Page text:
Brief Report

Journal of Autism and Developmental Disorders

, Volume 43, Issue 9, pp 2211-2217

Brief Report: Examining Driving Behavior in Young Adults with High Functioning Autism Spectrum Disorders: A Pilot Study Using a Driving Simulation Paradigm

  • Bryan ReimerAffiliated withNew England University Transportation Center, Massachusetts Institute of Technology AgeLab Email author 
  • , Ronna FriedAffiliated withClinical and Research Programs in Pediatric Psychopharmacology and Adult ADHD, Massachusetts General HospitalDepartment of Psychiatry, Harvard Medical School
  • , Bruce MehlerAffiliated withNew England University Transportation Center, Massachusetts Institute of Technology AgeLab
  • , Gagan JoshiAffiliated withClinical and Research Programs in Pediatric Psychopharmacology and Adult ADHD, Massachusetts General HospitalDepartment of Psychiatry, Harvard Medical School
  • , Anela BolfekAffiliated withClinical and Research Programs in Pediatric Psychopharmacology and Adult ADHD, Massachusetts General HospitalDepartment of Psychiatry, Harvard Medical School
  • , Kathryn M. GodfreyAffiliated withNew England University Transportation Center, Massachusetts Institute of Technology AgeLab
  • , Nan ZhaoAffiliated withNew England University Transportation Center, Massachusetts Institute of Technology AgeLab
  • , Rachel GoldinAffiliated withClinical and Research Programs in Pediatric Psychopharmacology and Adult ADHD, Massachusetts General HospitalDepartment of Psychiatry, Harvard Medical School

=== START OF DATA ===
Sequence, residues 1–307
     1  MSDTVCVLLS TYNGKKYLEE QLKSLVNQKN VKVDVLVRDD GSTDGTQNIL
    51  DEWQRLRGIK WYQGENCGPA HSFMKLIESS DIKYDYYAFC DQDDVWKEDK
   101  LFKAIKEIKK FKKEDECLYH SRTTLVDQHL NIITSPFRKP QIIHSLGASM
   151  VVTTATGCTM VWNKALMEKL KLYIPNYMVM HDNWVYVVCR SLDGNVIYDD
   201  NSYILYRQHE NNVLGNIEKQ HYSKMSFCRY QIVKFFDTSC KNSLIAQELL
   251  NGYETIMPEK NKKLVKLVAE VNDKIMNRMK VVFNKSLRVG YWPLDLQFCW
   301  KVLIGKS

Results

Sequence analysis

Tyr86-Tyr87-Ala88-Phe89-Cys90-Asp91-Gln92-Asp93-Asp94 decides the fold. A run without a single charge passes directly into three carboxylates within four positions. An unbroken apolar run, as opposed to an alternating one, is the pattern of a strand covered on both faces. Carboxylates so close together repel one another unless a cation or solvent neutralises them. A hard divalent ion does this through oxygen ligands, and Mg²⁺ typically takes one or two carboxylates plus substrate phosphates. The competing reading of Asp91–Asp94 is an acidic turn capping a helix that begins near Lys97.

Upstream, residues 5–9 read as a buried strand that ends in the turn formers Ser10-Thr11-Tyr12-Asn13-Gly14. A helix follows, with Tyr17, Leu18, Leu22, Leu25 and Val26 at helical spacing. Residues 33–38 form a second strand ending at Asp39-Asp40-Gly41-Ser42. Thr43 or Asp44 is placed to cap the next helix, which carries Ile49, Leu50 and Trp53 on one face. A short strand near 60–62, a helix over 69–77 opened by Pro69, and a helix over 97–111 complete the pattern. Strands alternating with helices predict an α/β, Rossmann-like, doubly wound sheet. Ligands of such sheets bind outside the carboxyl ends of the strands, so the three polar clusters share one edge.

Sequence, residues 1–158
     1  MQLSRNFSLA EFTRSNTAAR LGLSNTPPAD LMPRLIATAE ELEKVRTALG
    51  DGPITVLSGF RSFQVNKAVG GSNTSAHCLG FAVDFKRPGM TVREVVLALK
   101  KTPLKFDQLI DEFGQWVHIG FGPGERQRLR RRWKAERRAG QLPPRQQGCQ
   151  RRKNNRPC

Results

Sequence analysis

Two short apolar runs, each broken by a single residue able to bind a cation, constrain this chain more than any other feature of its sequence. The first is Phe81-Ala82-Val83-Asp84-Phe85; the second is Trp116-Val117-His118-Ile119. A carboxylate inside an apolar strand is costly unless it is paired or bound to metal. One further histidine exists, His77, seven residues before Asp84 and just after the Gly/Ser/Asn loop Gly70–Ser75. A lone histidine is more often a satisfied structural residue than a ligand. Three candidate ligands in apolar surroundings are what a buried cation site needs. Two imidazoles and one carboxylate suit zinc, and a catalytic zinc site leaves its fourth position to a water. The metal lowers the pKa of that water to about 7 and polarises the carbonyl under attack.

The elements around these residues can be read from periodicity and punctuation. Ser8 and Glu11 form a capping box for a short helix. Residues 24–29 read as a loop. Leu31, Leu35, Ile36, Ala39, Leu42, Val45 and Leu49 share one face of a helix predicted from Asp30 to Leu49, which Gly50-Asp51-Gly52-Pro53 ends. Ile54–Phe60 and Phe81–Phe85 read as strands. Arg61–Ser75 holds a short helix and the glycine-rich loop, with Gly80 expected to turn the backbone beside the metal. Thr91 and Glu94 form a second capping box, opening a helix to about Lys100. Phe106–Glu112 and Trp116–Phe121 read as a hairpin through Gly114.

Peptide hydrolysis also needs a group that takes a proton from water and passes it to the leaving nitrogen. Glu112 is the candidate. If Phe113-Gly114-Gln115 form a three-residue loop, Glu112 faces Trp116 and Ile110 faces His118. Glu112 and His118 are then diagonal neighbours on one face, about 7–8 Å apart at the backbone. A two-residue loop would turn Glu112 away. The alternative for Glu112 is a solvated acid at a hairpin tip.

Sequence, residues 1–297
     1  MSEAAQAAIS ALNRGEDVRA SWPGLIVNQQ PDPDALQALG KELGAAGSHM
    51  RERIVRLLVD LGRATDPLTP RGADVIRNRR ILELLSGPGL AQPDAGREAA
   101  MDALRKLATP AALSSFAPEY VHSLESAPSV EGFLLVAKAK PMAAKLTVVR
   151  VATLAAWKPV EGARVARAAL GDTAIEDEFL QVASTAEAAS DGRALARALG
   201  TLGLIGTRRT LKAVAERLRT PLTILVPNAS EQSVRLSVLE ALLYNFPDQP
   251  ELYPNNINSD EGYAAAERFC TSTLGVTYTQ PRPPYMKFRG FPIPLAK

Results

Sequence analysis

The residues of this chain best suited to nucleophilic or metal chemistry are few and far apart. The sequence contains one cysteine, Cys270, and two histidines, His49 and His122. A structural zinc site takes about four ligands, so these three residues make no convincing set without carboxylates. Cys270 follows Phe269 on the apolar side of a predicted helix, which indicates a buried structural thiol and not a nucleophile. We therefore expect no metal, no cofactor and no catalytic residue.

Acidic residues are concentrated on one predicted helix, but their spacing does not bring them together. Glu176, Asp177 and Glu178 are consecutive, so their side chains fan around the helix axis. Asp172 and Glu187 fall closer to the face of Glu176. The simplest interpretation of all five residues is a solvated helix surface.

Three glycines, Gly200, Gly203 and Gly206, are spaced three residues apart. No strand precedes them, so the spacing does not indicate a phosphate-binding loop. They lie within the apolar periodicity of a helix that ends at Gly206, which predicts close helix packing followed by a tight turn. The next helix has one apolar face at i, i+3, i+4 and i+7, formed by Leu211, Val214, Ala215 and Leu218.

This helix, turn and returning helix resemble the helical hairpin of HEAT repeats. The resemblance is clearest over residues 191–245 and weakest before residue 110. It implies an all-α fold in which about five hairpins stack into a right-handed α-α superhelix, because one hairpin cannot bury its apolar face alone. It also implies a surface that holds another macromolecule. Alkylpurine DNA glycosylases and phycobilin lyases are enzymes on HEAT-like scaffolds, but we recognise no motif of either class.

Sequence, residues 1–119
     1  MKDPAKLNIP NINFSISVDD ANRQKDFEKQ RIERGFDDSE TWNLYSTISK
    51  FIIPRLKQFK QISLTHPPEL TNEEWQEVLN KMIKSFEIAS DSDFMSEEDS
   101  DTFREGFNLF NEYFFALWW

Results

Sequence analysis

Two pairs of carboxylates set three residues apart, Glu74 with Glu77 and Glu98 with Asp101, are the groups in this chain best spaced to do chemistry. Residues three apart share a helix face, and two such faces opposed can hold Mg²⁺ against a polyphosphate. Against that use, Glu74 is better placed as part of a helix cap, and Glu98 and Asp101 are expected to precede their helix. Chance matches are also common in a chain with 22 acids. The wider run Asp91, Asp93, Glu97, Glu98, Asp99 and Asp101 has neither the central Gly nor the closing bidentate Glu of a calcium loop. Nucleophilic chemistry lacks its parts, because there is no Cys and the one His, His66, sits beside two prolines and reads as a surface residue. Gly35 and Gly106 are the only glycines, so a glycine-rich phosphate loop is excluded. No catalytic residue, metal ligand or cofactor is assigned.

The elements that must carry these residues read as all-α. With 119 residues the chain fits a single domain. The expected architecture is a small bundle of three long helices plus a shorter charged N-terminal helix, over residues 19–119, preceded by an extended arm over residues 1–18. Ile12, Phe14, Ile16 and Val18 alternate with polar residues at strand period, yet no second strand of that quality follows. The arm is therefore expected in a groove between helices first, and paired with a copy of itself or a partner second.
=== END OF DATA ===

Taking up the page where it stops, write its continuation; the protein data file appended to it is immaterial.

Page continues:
• , Joseph BiedermanAffiliated withClinical and Research Programs in Pediatric Psychopharmacology and Adult ADHD, Massachusetts General HospitalDepartment of Psychiatry, Harvard Medical School

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Abstract

Although it is speculated that impairments associated with autism spectrum disorder (ASD) will adversely affect driving performance, little is known about the actual extent and nature of the presumed deficits. Ten males (18–24 years of age) with a diagnosis of high functioning autism and 10 age matched community controls were recruited for a driving simulation experiment. Driving behavior, skin conductance, heart rate, and eye tracking measurements were collected. The high functioning ASD participants displayed a nominally higher and unvaried heart rate compared to controls. With added cognitive demand, they also showed a gaze pattern suggestive of a diversion of visual attention away from high stimulus areas of the roadway. This pattern deviates from what is presumed to be optimal safe driving behavior and appears worthy of further study.

Keywords

Driving behavior High functioning autism spectrum disorder Distraction Cognitive workload Driving simulation